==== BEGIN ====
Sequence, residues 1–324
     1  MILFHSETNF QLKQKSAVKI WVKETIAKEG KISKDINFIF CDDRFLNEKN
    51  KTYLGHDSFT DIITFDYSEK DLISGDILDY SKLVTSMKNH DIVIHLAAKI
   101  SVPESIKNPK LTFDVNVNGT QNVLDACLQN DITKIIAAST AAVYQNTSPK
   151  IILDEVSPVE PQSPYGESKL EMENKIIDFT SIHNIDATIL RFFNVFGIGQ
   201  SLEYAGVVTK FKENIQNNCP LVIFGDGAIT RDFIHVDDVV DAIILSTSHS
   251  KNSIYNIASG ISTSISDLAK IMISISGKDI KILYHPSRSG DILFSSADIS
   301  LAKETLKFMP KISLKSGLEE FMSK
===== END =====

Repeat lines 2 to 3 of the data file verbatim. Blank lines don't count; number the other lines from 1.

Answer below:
     1  MILFHSETNF QLKQKSAVKI WVKETIAKEG KISKDINFIF CDDRFLNEKN
    51  KTYLGHDSFT DIITFDYSEK DLISGDILDY SKLVTSMKNH DIVIHLAAKI